Scholar, politician, activist give talk on inequality at All Souls Church

  • Chuck Collins, of the Institute for Policy Studies in Washington D.C., talks about combating income inequality at the All Souls Church in Greenfield on March 17. Recorder Staff/David McLellan

  • Chuck Collins, left, state Rep. Paul Mark, center, and Al Norman, right, talk about income inequality at All Souls Church in Greenfield on March 17. —Recorder Staff/David McLellan

Recorder Staff
Published: 3/17/2018 7:07:47 PM

GREENFIELD — Three crusaders against growing income inequality sat at the sanctuary of All Souls Church Saturday and addressed a concerned crowd.

All three had the same message: Income inequality is a problem in the United States, but it can be fixed.

Chuck Collins, senior scholar at the Institute for Policy Studies in Washington, D.C., was the keynote speaker. State Rep. Paul Mark, D-Greenfield, and Al Norman, an activist known for his prolonged fight to keep Walmart from opening a store in Greenfield, were the other two speakers.

The discussion, “The Power of an Equitable Community,” was part of a day-long conference on economic and social issues, and drew more than 50 people to the Main Street church.

“You have a story that says the wealthy are there because that’s where they deserve to be,” said Collins, a former Greenfield resident.

According to Collins, the notion that success is tied merely to hard work is one that is “hard to dislodge” from Americans’ minds.

“This is deeply systemic inequality,” Collins said.

Indeed, income inequality is growing in the U.S., Collins pointed out, and the wealthiest few have taken in a larger and larger portion of wealth.

One of his problems with this, he said, is that the wealthy have a responsibility to give more money back to society — because of the benefits society has afforded them — but aren’t. Collins didn’t come without potential solutions, though.

“One idea is to defend the estate tax,” Collins said.

The estate tax, commonly known as the death tax, Collins termed as a form of public inheritance, and said the money the government brings in through the estate tax can be used to benefit the poor.

Collins had some advice for all members of society — from the top 1 percent, to the impoverished.

“Come home,” he said, explaining his message to the very rich. “Put your stake back into a community and not an enclave.”

Collins said he has visited Bermuda, where he asserted much of the world’s wealth is hidden, and said the rich have a moral obligation to leave such tax havens.

“Bring the wealth home,” Collins said. “Put it in the real economy — food services, things we can touch and feel.”

He also said fighting for a clean environment and against climate change is in everyone’s best interest, including the very wealthy, because “there is no wealth on a degraded earth.”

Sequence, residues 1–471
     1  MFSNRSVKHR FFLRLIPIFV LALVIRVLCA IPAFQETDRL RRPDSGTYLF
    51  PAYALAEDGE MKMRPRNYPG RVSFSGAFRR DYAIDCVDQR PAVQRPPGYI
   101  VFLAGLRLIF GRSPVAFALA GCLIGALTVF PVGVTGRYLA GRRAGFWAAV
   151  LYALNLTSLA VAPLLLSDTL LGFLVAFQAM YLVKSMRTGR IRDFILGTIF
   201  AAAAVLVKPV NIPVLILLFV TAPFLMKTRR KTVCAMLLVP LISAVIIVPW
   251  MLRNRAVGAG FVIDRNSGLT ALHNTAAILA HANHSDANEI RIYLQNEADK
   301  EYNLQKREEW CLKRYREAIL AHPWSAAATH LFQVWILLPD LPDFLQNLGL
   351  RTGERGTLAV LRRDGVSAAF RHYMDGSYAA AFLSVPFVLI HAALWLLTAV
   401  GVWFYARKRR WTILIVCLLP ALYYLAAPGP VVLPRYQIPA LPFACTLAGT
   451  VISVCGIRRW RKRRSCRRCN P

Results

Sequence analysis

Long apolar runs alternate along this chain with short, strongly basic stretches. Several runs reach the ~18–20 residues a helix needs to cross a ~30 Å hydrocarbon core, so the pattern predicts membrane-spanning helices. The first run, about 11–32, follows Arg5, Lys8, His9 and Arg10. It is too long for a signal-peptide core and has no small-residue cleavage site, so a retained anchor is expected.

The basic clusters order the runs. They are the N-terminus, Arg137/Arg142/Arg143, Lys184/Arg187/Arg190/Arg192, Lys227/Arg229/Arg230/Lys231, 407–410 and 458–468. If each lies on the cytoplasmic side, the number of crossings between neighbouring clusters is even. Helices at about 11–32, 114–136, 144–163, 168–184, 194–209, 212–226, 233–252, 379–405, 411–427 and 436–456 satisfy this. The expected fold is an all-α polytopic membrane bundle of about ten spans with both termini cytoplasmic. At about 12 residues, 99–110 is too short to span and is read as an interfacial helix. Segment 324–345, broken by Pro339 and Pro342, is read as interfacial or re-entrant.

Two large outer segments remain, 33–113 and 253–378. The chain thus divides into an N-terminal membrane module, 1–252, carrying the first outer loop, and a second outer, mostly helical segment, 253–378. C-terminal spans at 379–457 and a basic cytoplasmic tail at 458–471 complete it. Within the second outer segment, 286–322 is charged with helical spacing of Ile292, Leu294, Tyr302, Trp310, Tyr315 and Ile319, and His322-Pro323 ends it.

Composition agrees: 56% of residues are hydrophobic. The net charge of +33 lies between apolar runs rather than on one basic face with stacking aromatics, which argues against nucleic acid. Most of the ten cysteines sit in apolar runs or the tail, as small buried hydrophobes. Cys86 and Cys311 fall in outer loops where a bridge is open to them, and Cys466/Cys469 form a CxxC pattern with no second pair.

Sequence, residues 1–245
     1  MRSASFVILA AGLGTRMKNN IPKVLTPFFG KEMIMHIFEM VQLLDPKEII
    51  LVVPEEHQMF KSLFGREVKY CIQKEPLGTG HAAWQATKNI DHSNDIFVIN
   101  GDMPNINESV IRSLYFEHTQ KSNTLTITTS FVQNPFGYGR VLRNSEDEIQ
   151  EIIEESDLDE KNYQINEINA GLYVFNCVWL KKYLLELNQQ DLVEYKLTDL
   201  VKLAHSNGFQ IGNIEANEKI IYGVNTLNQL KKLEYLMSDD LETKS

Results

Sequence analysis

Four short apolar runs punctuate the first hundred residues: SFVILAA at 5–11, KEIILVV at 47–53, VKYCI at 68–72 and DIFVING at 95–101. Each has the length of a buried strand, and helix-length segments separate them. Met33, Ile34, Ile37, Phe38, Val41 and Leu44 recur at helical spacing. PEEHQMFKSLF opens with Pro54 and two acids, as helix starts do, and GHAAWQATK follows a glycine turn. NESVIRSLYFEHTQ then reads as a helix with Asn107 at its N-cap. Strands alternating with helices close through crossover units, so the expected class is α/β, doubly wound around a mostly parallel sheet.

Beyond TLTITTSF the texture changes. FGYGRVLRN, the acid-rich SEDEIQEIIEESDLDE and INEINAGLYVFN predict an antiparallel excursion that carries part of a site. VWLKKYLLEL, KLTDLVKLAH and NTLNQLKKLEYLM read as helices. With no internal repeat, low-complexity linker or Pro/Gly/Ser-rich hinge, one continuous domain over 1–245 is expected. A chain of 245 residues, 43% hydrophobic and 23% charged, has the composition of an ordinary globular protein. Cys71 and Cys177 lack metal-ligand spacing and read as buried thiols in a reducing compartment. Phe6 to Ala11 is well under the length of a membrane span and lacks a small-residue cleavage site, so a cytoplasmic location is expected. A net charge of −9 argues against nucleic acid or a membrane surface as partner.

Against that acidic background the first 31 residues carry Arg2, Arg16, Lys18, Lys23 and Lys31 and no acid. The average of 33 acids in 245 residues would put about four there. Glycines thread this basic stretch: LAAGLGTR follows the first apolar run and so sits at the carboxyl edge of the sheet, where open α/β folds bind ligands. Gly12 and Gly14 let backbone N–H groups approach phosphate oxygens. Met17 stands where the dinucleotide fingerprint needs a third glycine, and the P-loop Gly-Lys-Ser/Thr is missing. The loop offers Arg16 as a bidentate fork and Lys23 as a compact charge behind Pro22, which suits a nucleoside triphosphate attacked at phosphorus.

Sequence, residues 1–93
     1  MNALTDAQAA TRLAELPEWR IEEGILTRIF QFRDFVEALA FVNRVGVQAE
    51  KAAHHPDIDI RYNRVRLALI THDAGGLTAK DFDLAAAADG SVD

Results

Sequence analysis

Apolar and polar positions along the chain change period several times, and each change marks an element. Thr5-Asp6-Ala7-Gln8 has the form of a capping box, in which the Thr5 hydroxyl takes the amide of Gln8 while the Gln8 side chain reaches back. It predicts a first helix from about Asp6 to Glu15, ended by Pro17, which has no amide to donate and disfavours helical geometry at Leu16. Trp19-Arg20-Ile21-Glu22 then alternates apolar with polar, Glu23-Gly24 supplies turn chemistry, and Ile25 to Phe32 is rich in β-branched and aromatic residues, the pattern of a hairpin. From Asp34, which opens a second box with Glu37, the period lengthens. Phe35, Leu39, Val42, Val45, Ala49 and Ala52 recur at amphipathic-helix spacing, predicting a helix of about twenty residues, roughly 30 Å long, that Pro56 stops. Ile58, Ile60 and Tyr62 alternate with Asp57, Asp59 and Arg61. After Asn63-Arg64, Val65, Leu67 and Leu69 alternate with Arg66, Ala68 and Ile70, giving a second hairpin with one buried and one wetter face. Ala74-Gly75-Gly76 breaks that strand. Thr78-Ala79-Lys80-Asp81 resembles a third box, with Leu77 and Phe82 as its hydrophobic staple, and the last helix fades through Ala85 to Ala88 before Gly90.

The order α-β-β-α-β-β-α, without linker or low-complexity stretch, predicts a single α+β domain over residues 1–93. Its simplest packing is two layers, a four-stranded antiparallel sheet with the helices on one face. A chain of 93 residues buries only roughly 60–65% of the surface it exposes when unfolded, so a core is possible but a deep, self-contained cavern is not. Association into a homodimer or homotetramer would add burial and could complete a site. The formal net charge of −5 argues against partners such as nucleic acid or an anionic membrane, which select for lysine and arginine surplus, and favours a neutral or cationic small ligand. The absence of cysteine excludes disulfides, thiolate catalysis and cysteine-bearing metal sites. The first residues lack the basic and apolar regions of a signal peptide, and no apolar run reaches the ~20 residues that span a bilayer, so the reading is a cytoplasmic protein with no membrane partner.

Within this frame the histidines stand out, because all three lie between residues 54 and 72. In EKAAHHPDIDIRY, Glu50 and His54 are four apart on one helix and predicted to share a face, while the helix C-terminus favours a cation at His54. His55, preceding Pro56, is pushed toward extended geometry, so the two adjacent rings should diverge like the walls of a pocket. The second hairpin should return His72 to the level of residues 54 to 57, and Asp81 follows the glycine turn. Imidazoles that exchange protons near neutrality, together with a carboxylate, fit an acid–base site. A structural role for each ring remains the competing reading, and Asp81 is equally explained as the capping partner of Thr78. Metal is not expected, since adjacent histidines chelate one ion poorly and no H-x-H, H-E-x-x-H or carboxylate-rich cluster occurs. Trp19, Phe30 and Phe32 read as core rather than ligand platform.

“To everyone else,” Collins said. “It’s time to get really organized. Fight for 15 (dollars an hour); fight for a living wage.”

Engaging with the rich could help the causes of the lower class, Collins said. There are some people like him, who are successful but willing to fight against income inequality, and there are people who are “potential allies,” yet unengaged.

From Mark’s point of view, there is a lot more the state and federal legislatures could be doing to fight income inequality and improve the lives of the lower class in general.

The “millionaires’ tax,” Mark said, would create a graduated income tax system in the state and raise $1 billion to $2 billion earmarked for education and transportation.

He noted that all five times such a tax system has been on the ballot in Massachusetts, voters have shot it down, and stressed that people should talk to their neighbors about the importance of voting for a graduated income tax.

Norman, however, brought some statistics to the conversation, many of which focused on senior issues.

In Massachusetts, Norman said, 61 percent of seniors live above the poverty line but beneath the elder economic security line — a measure of how much money is needed for a senior to pay their bills. The only state with more than 61 percent of their senior population in that gap is Mississippi.

New England is often characterized as a liberal region that cares about the needy, but when it comes to taking care of seniors, it falls behind, Norman said. Many other northeast states have similarly high numbers of seniors who can not pay their bills, and 19 percent of Massachusetts seniors live below the poverty line.

“Why?” Norman asked. “Because these are all high-cost states.”

Norman recalled some flak he received from state officials for publicly characterizing Massachusetts as a place that does not pay enough attention to its seniors.

“I felt the state had become demographically deaf,” Norman said. “And I’m going to keep saying it.”

Reach David McLellan at or 413-772-0261, ext. 268.


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